Herman Miller has redefined the workspace, again

“Office Space” now has material for a sequel.

Nearly 40 years after unveiling the original cubicle — a Robert Propst design called “Action Office” — $1.5 billion design giant Herman Miller has redefined the workspace, again.

Technically, My Studio is still a cluster of desks surrounded by walls. However, the walls are tempered glass and the corners are slightly rounded. Windows between workspaces slide open like the back of a pickup truck. It has a closet.

“One thing is certain, workspaces aren’t going to get bigger,” says My Studio designer Douglas Ball, who credits road trips in his VW Westfalia and a restored 1965 Porsche among his inspirations. “Accept that as reality and design the perfect small space. I wanted to return a sense of territory and a sense of space to the worker.”

Which begs the question: Can a six-by-eight-foot cubicle really amount to improved personal space?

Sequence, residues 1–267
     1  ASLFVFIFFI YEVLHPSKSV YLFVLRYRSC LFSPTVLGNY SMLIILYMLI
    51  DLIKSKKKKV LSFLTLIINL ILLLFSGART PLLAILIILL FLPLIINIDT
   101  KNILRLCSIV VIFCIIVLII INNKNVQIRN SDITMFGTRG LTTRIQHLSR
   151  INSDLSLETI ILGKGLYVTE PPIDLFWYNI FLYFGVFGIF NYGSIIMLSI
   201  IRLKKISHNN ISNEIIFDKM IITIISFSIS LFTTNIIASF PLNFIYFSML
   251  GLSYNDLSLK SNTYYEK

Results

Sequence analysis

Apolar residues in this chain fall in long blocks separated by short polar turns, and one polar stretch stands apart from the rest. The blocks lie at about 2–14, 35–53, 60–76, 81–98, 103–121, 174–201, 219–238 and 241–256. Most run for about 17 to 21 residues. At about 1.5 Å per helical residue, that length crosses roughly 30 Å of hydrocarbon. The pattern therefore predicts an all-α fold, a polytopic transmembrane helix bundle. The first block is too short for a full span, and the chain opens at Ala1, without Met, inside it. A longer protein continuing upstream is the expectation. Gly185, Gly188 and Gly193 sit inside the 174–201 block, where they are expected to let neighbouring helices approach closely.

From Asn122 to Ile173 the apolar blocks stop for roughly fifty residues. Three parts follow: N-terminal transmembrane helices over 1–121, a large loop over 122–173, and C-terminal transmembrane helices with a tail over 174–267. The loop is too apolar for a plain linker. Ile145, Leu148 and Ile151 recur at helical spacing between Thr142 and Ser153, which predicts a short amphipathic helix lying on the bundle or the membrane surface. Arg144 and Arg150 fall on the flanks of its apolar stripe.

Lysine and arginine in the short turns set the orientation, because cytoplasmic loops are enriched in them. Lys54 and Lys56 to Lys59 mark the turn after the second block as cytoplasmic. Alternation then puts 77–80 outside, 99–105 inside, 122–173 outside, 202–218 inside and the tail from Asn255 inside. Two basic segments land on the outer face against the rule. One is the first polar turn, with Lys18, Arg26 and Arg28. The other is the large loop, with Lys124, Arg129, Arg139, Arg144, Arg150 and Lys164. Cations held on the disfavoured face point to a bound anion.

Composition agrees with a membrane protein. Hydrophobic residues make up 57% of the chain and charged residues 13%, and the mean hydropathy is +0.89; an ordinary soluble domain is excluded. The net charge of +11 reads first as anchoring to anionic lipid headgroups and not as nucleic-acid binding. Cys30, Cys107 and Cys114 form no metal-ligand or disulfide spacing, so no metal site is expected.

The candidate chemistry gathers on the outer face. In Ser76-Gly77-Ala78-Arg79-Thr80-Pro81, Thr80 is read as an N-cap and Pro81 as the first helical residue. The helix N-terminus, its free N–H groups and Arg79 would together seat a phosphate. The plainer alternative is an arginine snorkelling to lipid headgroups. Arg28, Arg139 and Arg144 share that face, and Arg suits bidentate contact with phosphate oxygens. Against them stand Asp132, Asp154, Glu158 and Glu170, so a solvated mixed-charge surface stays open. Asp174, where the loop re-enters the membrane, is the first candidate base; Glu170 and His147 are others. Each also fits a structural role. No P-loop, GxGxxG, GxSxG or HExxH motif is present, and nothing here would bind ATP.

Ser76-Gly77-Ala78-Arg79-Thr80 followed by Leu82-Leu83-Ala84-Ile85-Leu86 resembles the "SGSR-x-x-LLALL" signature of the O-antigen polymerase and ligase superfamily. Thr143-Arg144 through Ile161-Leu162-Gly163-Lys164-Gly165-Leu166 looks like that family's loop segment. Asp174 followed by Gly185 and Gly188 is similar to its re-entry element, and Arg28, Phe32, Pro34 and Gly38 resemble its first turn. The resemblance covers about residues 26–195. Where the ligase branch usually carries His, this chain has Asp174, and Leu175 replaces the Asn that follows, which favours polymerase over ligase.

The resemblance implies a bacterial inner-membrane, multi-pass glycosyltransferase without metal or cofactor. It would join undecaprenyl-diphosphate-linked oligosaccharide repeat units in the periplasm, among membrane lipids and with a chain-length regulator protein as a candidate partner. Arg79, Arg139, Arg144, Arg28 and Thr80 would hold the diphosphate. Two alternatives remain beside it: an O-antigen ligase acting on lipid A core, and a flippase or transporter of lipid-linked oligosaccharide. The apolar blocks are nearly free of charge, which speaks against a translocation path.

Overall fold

You bet, says Herman Miller communications rep Bruce Buursma. “You can choose to make yourself open to others or get the privacy you might never get with typical paneled cubicles,” he says. “Plus, it’s just beautiful.”

Since its debut at Neocon in June, 31 clients have signed on for the new system, including a major studio. Each My Studio costs $4,000-$6,000 — roughly double the price of traditional cubes, so cost cutting is hardly the objective.

“Companies are looking at it as a way to transition private offices to open plan with the least possible resistance,” says Buursma. “And they see it as a way to attract and hold on to employees.”

Still, what will happen when the inevitable copycats step in? Propst lamented that the current cubicle was the very worst interpretation of his initial design. It won’t happen on Herman Miller’s watch; solid paneled walls aren’t even an option.

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